A New Fish Tank

About three years ago my group grew by five or six people. We didn’t have office space near us for the newbies, so they were in empty offices all around the building. Not having your newbies near the rest of the team is a bad idea, so we went looking for a fix. What we found was an old, big room in the basement, and our managers willing to let us renovate it.

Part of the renovation meant a conference table in the middle of the room, and there was a natural spot for a fish tank. Fish tanks have been shown to reduce stress and decrease hypertension. Plus, they’re fun to watch, and I love playing with water. So we picked up a 55 gallon tank from a coworker and set it up.

That was three years ago. Lately, the tank has suffered greatly from lack of attention (my lack of time), overfeeding by some, and too many fish (platys reproduce like mad!). I can’t seem to get ahead of the algae bloom that happened over the holidays (all the green in the photo below), there isn’t enough light for the plants (again), the glass has some scratching from a scrubber mishap, and diatoms are taking over. In short, it’s a mess:

Old Fish Tank

(yes, that is a Chia Homer in there, shelter for our clown loaches)

Our network engineers have a 90 gallon saltwater tank they set up, and they gave me an old 30 gallon tank they were using as a sump in trade for an old 10 gallon tank[0]. 30 gallons is a nice size, fits nicely on the table I have, and so I decided to put it together with the goal of moving fish from the other tank. I am trying to do this on the cheap, too. My last two tank setups ran almost exactly $20/gallon to set up. This time I have $200[1].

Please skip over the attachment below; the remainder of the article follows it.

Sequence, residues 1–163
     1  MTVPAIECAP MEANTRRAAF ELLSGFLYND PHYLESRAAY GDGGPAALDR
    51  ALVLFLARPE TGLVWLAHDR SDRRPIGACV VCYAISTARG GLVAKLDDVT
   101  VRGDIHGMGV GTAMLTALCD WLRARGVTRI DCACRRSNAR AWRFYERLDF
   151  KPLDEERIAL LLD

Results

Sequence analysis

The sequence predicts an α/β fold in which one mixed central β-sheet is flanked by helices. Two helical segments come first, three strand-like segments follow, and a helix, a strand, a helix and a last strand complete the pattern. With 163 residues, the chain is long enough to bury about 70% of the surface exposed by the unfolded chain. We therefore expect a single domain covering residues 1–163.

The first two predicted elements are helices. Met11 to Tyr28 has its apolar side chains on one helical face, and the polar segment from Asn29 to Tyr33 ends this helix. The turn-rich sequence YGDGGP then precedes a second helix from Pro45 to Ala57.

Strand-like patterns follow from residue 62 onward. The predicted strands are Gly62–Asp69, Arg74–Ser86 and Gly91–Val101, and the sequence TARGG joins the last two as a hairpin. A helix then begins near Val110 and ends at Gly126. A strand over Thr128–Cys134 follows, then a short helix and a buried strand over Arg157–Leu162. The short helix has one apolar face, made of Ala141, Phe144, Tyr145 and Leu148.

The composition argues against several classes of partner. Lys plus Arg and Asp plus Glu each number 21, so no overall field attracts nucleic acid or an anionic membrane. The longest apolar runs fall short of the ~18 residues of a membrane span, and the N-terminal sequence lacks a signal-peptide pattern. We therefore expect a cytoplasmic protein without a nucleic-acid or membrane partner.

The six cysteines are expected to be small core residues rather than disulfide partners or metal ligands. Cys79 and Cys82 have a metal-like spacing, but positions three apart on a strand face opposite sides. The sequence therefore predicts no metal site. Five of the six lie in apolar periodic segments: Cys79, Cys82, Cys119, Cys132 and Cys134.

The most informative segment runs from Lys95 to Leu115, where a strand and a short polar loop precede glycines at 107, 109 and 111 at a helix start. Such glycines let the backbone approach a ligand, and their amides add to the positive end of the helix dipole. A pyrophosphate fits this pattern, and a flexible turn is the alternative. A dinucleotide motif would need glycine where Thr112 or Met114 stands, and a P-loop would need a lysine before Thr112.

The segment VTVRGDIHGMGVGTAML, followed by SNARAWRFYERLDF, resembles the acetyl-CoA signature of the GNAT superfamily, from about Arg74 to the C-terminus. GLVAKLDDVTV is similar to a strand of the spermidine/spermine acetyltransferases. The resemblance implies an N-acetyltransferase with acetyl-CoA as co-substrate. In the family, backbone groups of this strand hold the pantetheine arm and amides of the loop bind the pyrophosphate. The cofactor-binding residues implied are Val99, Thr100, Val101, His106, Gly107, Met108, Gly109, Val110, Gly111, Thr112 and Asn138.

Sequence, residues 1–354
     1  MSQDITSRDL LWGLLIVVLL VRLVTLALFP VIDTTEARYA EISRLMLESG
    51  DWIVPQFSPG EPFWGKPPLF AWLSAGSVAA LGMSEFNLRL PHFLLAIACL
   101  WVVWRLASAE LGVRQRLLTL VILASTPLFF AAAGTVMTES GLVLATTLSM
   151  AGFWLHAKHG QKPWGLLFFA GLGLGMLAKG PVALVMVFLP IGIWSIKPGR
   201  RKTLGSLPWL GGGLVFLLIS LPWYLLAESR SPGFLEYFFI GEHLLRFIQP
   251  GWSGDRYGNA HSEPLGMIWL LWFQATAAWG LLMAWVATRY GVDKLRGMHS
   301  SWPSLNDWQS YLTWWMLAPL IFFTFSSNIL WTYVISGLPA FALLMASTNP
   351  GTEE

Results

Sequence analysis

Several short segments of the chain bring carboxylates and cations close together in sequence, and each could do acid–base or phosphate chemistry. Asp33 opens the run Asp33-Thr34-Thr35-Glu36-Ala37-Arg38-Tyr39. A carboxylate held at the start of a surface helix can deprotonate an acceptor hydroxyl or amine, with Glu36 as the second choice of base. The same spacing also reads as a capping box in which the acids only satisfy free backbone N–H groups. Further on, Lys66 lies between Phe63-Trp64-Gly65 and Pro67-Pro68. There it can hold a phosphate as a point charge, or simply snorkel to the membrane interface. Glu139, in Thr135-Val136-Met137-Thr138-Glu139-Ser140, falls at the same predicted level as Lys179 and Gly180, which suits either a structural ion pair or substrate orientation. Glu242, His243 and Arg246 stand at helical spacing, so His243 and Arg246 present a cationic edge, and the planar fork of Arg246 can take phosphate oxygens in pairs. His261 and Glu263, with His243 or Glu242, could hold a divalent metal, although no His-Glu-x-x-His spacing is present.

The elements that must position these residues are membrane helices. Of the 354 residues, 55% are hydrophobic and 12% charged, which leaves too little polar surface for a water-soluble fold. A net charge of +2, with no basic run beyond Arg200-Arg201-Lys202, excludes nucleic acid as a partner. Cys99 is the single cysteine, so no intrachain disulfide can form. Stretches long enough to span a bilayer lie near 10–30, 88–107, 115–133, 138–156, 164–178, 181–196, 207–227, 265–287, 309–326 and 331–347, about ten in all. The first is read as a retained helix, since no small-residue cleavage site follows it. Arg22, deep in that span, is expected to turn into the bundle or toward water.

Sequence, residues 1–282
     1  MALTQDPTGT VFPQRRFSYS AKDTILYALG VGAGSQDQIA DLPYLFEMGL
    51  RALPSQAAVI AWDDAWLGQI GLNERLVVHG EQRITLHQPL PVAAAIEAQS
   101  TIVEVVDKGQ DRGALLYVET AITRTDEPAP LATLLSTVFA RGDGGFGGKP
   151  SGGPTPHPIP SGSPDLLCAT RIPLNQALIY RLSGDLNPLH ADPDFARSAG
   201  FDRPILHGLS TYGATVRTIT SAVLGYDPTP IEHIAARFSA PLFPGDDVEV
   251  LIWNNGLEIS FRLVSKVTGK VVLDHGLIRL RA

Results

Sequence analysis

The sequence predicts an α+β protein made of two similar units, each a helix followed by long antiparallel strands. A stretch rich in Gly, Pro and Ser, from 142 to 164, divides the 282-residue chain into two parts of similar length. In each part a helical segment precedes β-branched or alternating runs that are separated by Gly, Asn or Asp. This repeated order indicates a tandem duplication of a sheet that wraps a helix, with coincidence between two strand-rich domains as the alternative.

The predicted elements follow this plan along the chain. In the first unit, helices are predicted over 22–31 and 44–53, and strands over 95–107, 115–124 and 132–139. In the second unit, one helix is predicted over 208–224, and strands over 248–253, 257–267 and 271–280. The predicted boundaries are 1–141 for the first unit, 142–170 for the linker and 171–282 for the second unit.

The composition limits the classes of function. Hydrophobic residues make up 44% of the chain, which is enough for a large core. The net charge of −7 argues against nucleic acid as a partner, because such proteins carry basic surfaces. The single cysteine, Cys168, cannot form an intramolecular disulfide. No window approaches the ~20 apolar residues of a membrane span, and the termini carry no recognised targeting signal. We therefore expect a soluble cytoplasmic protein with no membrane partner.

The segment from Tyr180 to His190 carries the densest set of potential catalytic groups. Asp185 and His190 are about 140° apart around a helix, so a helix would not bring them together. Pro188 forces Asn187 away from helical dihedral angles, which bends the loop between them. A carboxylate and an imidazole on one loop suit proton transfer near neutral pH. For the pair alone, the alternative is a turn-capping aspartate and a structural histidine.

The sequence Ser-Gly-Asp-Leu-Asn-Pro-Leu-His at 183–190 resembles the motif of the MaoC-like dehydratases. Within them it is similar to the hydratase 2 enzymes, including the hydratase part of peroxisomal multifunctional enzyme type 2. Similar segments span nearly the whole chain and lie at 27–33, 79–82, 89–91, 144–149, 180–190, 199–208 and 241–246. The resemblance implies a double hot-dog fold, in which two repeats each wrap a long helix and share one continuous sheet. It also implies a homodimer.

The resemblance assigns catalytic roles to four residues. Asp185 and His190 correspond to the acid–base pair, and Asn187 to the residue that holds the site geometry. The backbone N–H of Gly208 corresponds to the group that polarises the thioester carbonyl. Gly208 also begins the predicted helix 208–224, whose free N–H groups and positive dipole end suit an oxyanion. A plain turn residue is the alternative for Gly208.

New Fish Tank

The padding underneath is to reduce vibrations. One of the design goals is near-silent operation, to avoid cranky coworkers who don’t want to hear vibrating, slurping, or lots of fan or pump noise. Other design goals are leak-free operation and as maintenance-free as possible.

I want to put plants in this thing, because planted tanks look really nice. Problem is, you have to get 3 to 5 watts of light per gallon into the tank. That usually means expensive, fancy lighting systems. Here, I spent $31.56 on clip lights and fancy 60W daylight halogen crystal lamps, netting me 180W of light. With the powerhead filter making ripples on the top it makes cool wave patterns inside, which is something you normally don’t see outside of saltwater tanks. Plus, when I lose a lamp I can replace it easily. I win, as long as the lights don’t fall in the tank. :-)

The powerhead and sponge filter are an experiment to see if I can get away without a canister filter (I suspect the answer is no). I’ve got it running now, having squeezed my other tank’s filter sponge out into the new one to transplant the bacteria[2]. Tomorrow I’ll add the rest of the gravel and some soil I picked up, a plant or two, and a fish or two.

Should be fun. Just thought I’d share, especially since I know at least one of you out there (Rich!) has similar interests. Plus, what fun is it to write about sysadminnery all the time? :-)

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[0] They want to use the 10 gallon for a “hospital” tank. When fish get sick you don’t want it to spread, so you isolate them. Plus, it’s very expensive and often impossible to medicate a big tank. Impossible sometimes, because some medications kill things you want in your tank, and filter systems often remove the medicine (via chemical filters).

[1] Current balance in our soda fridge fund. :-)

[2] To help establish an ecosystem (nitrogen cycle) and shorten the tank’s initial “cycle.”

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